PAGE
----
Appeals to hypocrisy do not work for a party that has no moral core. And we do have a problem now because we have elected a president who has his own accusers. And so we're all going to go back through history and there is a lot of reckoning that needs to be done.

I don't know where that's going to take us. It is risky because you may lose a Senate seat, but it is a problem for Republican voters because you keep putting these people up who are morally conflicted. And now the choice is, well, you can vote for this pedophile or you can lose a seat and hand it to Democrats.


The Republican Party has to do better. It has to do it with Republican leadership. I am happy to see Mitch McConnell step up and say he should be expelled. We needed more of that during the primary process.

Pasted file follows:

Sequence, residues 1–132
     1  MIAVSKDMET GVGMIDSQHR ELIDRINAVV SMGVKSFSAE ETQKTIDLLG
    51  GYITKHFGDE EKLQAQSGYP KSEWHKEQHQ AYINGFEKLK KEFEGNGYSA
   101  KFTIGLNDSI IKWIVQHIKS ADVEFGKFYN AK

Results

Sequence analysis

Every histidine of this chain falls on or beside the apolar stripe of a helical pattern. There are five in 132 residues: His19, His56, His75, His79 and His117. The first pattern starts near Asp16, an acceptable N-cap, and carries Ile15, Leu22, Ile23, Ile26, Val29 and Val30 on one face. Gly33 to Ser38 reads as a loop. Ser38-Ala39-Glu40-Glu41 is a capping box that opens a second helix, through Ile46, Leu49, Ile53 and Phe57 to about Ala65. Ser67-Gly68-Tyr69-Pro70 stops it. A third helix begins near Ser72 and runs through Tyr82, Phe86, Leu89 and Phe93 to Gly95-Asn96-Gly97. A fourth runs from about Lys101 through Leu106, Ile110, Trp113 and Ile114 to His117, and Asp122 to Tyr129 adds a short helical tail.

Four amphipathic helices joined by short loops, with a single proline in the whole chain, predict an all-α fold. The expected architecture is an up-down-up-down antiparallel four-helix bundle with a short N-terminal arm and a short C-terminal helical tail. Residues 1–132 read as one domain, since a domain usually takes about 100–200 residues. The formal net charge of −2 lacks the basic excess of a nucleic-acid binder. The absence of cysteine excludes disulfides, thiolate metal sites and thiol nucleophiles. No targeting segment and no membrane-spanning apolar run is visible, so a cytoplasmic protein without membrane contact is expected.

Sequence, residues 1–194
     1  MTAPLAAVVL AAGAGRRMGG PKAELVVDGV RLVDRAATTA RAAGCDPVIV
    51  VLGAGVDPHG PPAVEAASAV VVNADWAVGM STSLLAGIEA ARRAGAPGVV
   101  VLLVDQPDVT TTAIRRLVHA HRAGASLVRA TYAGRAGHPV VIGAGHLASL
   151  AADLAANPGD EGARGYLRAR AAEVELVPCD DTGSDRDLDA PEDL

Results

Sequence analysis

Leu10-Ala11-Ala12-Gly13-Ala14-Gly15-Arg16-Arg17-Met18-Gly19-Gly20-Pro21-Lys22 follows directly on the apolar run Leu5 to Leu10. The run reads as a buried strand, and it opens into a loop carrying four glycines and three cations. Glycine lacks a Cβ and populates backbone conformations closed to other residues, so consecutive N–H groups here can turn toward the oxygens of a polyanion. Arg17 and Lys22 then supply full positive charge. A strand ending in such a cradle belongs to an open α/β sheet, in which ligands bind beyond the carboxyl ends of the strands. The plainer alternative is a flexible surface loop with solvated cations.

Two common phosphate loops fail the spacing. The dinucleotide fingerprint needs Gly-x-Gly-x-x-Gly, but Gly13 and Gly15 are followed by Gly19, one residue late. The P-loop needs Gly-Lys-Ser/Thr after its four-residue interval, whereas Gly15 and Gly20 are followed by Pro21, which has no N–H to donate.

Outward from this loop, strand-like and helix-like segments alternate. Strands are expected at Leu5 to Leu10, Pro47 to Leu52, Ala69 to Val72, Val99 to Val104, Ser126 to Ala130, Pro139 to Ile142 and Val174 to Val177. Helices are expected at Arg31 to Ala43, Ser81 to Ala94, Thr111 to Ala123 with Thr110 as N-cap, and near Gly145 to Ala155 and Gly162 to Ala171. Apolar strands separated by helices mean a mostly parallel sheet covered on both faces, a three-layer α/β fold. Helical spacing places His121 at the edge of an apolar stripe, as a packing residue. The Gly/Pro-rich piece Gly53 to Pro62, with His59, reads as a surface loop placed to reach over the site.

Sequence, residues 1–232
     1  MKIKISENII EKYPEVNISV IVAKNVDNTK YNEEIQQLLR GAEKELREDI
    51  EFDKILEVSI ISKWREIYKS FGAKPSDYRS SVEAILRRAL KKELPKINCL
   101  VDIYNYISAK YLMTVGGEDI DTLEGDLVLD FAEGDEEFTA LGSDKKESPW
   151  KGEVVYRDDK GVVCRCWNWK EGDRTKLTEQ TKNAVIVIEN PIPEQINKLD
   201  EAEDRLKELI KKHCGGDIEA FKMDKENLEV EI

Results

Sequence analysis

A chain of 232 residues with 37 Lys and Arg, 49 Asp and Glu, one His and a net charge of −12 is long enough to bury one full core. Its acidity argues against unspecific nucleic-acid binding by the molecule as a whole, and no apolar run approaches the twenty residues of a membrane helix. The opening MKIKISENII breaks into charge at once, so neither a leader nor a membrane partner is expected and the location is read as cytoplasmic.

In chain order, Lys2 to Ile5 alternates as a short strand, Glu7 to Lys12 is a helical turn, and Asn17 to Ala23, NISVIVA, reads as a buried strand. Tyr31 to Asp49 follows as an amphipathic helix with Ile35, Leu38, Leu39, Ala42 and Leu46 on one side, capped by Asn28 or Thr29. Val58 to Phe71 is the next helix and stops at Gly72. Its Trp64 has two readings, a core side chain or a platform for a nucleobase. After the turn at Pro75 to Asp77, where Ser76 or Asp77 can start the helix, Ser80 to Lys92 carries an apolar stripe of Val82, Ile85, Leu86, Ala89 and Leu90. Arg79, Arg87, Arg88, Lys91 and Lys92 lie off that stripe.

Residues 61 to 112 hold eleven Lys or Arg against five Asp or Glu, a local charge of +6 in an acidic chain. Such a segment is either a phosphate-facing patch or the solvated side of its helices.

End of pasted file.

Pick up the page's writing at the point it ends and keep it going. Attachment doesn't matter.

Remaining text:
TAPPER: And I have to say, Van, President Trump has been abroad, so he has and he hasn't weighed in when asked about this, the few moments.

But it is a tough place for him to be, because even if he wants to distance himself from Roy Moore and even if he finds this reprehensible, then the question becomes, well, why believe these five women on the record and not these 15 on the record who will make these allegations against you, Mr. President?

JONES: Well, I mean, and that is the situation that it is a big problem I think for him and for the Republican Party.

And that's -- I think one of the things that you're going to see when he comes back is that some of the kind of the ducking and jiving and getting away with stuff is that he's got a much more narrow window on that kind of behavior now. And I think he's actually going to have to think very carefully about how to handle it.